Vitamin D deficiency is a worldwide public health problem across all age groups including infants, children, adults, and elderly. Very few foods naturally contain or are fortified with vitamin D. The major source of vitamin D is from sunlight exposure. Vitamin D, the sunshine vitamin is synthesized from 7-dehydocholesterol present in the skin of humans by the action of ultraviolet B radiation (290 – 315 nm). The major cause of vitamin D deficiency is lack of adequate sunlight exposure. In utero and during childhood, vitamin D deficiency can cause growth retardation and skeletal deformities and may increase the risk of hip fracture later in life. Vitamin D deficiency in adults can precipitate or exacerbate osteopenia and osteoporosis, cause pain producing osteomalacia and muscle weakness, and increase the risk of fall and fracture. Vitamin D deficiency is associated with increased risk of common cancers, autoimmune diseases, infectious diseases, and cardiovascular mortality. Serum 25-hydroxy vitamin D (25-OHD) is the reliable marker of vitamin D status and a level below 20 ng/ml defines deficiency. However, an optimal level above 30 ng/ml is required to maximize the bone health and non-skeletal benefits of vitamin D. A sensible sun exposure for 5 – 15 min between 1000 and 1500 hours in the spring, summer and autumn and supplementation of atleast 400 IU, 600 IU and 800 IU of vitamin D/day among infants and children, adults and elderly respectively shall guarantee vitamin D sufficiency in at risk population.
Multiple sclerosis (MS) is a socially significant immune-mediated disease with unknown etiology. The first symptoms are usually registered in the reproductive age-between the 20th and 40th year, with first peak between the 21st and 25th year, and the second peak between the 41st and 45th year. In less than 5 to 10% of the cases the onset of the disease is before the 10th and the after the 50th year. Results from different studies of the disease evolution show that women suffer from it more frequently than men-ration women/ men 2:1, 3:1 [1,2,3,4,5]. The three main forms of progress of the disease: relapsing-remitting (RRMS), secondary-progressive (SPMS) andprimary-progressive (PPMS), reflect the chronic development of the process, disabling the patients for a different period of time.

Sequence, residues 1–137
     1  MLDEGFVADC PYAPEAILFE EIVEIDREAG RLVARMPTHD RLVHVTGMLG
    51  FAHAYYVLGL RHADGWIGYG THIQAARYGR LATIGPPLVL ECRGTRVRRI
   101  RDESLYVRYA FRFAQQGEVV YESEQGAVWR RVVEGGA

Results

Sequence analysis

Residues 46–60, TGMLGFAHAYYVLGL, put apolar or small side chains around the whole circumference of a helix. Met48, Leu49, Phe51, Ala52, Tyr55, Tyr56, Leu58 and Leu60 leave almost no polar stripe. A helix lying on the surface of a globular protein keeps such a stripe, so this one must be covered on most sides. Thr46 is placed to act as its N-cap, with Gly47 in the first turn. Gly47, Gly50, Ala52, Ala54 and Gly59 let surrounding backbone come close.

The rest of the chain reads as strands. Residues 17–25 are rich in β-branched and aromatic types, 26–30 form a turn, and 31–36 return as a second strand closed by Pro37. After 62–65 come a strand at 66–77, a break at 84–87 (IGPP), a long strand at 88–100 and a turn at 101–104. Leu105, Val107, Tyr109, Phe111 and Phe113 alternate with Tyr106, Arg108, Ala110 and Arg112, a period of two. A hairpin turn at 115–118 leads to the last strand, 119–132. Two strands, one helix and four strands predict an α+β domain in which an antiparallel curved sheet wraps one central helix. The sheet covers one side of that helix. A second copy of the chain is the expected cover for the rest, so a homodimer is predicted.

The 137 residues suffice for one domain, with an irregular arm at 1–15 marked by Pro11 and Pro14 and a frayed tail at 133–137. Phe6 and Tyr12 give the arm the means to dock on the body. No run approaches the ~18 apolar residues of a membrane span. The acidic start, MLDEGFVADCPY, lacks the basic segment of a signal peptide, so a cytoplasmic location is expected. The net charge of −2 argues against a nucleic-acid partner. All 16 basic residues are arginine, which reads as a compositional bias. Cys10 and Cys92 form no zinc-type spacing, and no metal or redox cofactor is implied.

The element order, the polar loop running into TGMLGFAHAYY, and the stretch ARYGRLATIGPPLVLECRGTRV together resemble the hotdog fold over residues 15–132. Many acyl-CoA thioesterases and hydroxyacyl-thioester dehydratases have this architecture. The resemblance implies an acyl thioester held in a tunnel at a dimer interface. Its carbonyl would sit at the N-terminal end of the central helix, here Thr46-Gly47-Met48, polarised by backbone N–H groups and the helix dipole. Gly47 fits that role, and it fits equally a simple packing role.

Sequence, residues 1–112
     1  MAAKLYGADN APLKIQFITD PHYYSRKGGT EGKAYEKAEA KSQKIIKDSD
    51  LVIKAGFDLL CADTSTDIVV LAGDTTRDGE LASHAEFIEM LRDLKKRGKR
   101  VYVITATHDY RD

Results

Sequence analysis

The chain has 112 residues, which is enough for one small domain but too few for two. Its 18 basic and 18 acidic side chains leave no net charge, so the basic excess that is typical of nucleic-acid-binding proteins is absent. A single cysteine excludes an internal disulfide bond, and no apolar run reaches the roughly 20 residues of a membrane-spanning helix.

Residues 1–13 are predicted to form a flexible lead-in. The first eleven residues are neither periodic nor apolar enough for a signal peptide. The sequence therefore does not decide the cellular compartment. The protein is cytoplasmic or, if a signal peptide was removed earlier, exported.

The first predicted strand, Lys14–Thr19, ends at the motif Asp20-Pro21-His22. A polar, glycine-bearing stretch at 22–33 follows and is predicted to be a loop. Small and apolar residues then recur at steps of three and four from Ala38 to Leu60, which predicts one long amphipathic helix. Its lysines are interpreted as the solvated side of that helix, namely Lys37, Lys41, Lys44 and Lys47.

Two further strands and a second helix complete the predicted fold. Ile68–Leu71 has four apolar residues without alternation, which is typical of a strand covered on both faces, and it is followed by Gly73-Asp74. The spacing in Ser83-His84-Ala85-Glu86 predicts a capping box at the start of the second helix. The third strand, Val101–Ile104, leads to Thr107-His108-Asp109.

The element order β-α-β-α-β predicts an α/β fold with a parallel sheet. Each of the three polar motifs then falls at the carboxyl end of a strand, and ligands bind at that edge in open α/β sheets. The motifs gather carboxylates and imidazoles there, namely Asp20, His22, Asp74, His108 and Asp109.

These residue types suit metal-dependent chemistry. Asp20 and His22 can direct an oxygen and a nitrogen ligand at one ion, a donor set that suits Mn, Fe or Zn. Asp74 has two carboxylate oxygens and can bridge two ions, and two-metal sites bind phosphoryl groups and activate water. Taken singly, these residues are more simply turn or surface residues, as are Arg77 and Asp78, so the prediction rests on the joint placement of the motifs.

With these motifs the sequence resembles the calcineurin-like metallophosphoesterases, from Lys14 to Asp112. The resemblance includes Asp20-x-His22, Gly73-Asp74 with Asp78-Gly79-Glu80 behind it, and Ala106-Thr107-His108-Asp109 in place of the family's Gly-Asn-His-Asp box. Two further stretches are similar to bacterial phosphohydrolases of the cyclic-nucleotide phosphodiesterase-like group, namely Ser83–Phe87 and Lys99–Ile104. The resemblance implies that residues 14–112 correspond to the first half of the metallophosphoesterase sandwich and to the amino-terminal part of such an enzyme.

This chapter deals with vitamin D and its metabolites from the point of view of the steps involved in their analytical determination. Thus, after a brief description of the characteristics and metabolism of vitamin D to introduce the target metabolites, the analytical aspects of these compounds are addressed. First, we discuss the suitability of the types of samples (e.g., fresh and dry blood, urine, saliva, cerebrospinal fluid) in which vitamin D and its metabolites are determined; then, the stability of the most used sample (blood as both serum and plasma) under different storage conditions is considered in the light of the different metabolites to be measured.
1. Nighat Yaseen Sofi
2. Anirban Mandal
3. Wesam Amiri